Antique market season is over. We had a blast at the last fair of the year enjoying some late summer weather that came mid-October. I always forget to take pictures while we’re there!
We stumbled across a lovely find during the end of our wanderings. When I first glanced at the price I thought it was $125 and was about to keep on but TwinDad took a closer look and we got this desk for $20. It definitely needed quite a bit of work, but it was solid wood, had some really neat features and details, and I love vintage desks. Sorry I forgot to get a real “before” picture (or any with a decent camera!)
Once we got it home and I scrubbed it down I realized the extent of the veneer damage. The multiple thin layers of veneer were peeling on every single drawer as well as the desk sides. Damaged veneer seems scarier than it is (in most cases). Most of the time all you need is careful wood glue application, some good clamps, and patience. For days I glued, clamped, and waited. Drawer after drawer. Some pieces of veneer were broken off leaving spots that will be patched with wood filler. After everything was glued, patched, sanded, shellacked, and cleaned again I was finally ready to paint!
Now for a brief digression about shellac…I’ve mentioned this product before but there’s always good reason to mention it again! Shellac is a clear sealant with many, many uses. I use it as a base to help chalk or milk paints stick to laminate (or other slick surfaces) without peeling or chipping, to seal stains or old finishes that might bleed through, or to make it easier to fully and smoothly cover wood filler patches. Be sure to follow all safety precautions when using shellac or any other sealant.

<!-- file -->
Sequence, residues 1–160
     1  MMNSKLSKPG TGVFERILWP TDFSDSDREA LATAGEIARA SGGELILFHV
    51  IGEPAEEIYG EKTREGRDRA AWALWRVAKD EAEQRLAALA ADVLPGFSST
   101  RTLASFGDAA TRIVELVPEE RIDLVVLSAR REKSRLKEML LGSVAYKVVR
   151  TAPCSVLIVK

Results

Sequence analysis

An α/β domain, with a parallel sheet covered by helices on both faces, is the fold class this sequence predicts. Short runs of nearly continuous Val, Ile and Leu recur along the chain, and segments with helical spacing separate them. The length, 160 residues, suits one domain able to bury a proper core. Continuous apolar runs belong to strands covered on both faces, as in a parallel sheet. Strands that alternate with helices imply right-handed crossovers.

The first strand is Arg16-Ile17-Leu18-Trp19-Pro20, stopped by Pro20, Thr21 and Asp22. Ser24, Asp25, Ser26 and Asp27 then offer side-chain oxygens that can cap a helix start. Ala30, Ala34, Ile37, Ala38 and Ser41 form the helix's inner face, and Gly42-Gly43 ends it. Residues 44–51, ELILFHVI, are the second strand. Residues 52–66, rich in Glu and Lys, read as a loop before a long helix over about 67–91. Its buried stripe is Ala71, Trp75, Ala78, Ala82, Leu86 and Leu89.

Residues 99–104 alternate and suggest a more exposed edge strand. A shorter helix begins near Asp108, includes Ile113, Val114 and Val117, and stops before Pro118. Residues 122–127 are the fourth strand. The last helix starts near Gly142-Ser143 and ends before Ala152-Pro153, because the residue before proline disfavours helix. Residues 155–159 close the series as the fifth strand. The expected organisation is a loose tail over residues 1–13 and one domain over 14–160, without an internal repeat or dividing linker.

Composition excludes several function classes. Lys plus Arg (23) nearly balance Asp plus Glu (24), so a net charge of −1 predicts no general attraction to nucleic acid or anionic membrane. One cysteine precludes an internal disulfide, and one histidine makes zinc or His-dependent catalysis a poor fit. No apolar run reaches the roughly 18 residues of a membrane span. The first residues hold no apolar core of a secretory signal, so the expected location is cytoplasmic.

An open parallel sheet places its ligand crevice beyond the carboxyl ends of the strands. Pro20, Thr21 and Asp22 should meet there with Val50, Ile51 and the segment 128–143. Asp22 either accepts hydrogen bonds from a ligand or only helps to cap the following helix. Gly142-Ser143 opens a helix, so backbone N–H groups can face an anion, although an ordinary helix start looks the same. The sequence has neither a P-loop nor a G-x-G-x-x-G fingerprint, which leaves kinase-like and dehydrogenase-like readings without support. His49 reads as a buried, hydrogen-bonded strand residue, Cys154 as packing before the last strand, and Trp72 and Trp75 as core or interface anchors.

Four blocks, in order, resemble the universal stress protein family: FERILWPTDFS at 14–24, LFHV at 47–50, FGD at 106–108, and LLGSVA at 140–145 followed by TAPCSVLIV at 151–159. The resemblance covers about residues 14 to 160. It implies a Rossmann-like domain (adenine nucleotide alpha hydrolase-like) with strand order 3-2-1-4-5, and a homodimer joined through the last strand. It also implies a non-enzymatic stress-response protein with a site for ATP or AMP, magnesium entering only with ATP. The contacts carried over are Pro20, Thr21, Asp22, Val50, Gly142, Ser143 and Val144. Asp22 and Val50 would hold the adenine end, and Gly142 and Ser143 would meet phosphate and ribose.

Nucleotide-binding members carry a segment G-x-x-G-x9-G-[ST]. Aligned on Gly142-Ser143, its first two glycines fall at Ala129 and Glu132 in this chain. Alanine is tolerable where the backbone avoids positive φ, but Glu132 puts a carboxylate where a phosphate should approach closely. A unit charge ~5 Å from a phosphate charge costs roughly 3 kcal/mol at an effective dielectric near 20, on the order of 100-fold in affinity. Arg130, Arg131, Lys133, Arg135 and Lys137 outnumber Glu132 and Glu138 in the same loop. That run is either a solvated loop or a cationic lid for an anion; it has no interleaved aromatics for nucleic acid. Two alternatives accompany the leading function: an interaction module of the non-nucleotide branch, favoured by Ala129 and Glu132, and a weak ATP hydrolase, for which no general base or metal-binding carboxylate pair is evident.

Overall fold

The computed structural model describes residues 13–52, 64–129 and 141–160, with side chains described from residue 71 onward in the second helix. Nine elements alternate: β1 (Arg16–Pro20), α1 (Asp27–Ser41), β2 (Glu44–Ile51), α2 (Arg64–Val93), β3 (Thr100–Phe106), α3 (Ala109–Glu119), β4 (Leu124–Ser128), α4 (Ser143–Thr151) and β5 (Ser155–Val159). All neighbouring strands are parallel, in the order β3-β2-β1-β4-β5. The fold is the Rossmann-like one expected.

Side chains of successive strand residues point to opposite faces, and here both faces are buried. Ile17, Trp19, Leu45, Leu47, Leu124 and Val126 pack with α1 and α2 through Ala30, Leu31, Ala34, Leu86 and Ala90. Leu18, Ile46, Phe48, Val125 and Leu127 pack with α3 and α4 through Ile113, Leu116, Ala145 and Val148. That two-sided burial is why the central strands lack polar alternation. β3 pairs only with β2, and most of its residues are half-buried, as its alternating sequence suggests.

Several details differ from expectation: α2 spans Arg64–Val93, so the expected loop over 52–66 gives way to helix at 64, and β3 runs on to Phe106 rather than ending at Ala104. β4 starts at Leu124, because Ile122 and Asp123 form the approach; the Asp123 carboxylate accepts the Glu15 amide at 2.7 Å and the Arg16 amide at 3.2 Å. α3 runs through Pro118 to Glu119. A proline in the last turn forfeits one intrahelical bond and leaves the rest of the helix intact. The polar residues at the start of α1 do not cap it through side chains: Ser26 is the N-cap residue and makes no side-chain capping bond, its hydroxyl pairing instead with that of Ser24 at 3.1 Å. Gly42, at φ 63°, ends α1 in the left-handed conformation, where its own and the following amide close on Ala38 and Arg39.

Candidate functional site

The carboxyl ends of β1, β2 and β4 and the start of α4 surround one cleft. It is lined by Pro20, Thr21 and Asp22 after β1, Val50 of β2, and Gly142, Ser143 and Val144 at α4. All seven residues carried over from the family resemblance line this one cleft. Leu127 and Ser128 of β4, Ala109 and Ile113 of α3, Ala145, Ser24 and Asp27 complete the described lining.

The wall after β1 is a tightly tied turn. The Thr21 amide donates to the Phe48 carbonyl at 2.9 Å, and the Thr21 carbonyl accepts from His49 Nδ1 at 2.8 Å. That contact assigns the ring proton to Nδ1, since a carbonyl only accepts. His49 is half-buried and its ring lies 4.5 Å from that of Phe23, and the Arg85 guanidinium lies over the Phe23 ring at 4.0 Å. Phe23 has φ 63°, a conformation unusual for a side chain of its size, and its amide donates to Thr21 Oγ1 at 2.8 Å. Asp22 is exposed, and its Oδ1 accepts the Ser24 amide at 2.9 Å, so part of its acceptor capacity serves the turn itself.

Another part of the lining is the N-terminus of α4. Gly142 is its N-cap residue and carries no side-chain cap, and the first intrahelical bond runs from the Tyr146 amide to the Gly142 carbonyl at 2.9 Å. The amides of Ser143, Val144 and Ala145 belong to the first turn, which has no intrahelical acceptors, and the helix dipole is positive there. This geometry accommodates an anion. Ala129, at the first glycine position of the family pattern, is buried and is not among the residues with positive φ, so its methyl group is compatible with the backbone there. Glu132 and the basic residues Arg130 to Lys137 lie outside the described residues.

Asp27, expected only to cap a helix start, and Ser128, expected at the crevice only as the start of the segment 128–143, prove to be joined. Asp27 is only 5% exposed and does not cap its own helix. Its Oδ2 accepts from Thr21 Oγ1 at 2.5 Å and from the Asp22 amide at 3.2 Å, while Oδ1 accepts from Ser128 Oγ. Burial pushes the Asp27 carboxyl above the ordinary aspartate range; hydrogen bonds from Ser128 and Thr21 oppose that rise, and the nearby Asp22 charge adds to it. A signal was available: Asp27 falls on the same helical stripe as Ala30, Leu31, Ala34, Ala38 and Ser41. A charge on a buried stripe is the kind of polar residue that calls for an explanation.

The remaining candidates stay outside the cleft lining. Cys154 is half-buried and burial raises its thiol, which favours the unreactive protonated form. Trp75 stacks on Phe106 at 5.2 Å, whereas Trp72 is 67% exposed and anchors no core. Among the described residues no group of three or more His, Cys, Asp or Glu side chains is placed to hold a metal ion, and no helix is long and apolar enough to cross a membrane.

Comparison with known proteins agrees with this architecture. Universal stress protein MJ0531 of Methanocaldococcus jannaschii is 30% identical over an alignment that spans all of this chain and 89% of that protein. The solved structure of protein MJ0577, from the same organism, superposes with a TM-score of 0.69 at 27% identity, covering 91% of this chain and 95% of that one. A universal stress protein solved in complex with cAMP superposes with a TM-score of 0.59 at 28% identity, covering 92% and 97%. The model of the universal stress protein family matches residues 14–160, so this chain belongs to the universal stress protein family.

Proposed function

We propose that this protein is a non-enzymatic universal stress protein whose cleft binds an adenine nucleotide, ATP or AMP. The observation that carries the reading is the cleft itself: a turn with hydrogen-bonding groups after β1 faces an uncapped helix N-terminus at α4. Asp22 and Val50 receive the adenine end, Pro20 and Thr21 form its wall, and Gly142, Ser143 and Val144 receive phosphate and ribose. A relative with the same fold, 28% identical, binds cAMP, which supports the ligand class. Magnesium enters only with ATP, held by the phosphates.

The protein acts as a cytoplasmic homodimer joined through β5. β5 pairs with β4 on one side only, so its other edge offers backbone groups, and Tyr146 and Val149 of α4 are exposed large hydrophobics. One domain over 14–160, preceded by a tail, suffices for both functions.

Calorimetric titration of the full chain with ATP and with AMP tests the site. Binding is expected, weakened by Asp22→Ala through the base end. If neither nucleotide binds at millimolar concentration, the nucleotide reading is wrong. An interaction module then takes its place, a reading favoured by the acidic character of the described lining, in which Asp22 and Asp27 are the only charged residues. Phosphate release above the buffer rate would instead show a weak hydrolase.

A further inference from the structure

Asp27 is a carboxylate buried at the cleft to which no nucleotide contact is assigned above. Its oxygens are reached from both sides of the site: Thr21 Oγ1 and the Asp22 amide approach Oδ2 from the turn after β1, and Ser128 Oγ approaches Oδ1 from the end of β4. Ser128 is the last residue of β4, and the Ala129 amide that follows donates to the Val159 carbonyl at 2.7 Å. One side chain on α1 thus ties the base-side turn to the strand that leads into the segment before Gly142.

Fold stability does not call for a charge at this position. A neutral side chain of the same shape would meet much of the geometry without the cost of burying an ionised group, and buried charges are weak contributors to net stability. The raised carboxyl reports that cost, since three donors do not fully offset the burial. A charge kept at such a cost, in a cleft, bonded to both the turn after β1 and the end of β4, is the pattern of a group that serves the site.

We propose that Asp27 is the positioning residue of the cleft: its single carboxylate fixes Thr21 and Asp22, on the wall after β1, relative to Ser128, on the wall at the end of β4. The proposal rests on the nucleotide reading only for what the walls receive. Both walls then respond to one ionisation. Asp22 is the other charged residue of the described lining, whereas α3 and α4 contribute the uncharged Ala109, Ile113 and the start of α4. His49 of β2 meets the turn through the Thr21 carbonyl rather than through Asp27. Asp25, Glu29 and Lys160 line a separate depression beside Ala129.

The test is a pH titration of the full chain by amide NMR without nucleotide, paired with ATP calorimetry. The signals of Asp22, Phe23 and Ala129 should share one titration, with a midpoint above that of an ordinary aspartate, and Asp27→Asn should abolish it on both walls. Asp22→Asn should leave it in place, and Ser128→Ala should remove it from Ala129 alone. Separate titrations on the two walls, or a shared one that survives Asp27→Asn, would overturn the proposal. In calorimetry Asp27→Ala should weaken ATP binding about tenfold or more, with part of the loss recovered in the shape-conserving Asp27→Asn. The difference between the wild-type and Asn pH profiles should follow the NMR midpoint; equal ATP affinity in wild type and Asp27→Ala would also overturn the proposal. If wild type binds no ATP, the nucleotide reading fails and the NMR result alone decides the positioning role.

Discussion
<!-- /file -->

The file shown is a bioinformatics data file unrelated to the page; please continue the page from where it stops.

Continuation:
We all know architectural salvage pieces (like old doors, windows, and shutters) are hot right now but it’s important to seal these painted pieces before ever bringing them into our homes, especially if we have children and pets. Old paint often contains lead which can be very dangerous. If it’s pre-1970s always seal with shellac. It’ll not only prevent further chipping but it’ll preserve all that pretty shabby chic chippy goodness we love.
Ok, with that shellac PSA out of the way…back to the desk! I originally planned on painting it green but decided at the last minute to go with gray. It’s a more versatile neutral color and I want this desk to be a fast sell (it’s large and heavy; I don’t need it taking up room for long!). After two coats of Rustoleum Chalked “Country Gray” paint, it looks so much better. Without the distraction of the painted designs on the drawer fronts, the details of the desk stand out.
The shiny black top is some sort of filmy coating. I tried sanding but quickly realized I wasn’t getting anywhere. Out went the plan to sand to bare wood and stain. With a nice layer of shellac to help the paint grip, I gave a coat of FolkArt “Castle” chalk paint followed by a layer of Craftsmart walnut gel stain. I’ve used this trick before to give a rich wood grain look with a matte finish. It’s quick, easy, and looks lovely once finished.
All the original, unique handles were included and I wanted to keep them but they were disgustingly grimy. The details were imperceptible on some due to the layers of filth. Thankfully, cleaning antique brass hardware is very simple. I soaked them in a hot vinegar and water solution (placed on the stove and brought almost to boiling) then rinsed and scrubbed with a wire brush. So many layers of disgusting grime came off so easily, revealing a lovely brass with an aged patina.
As a final touch, I applied white wax to the edges and side details to give a weathered, softened look. Feeling overly-creative, I decided to paint my own details on the drawer fronts (just simple strokes around the edges, nothing too fancy). I’m always inspired by my style-idol Miss Mustard Seed and her hand-painted pieces…though hers are so much more intricate and beautiful.
It was a lengthy process, but I was happy to have this transformation finished in time for an art fair at my shop. I think it makes for a great statement piece.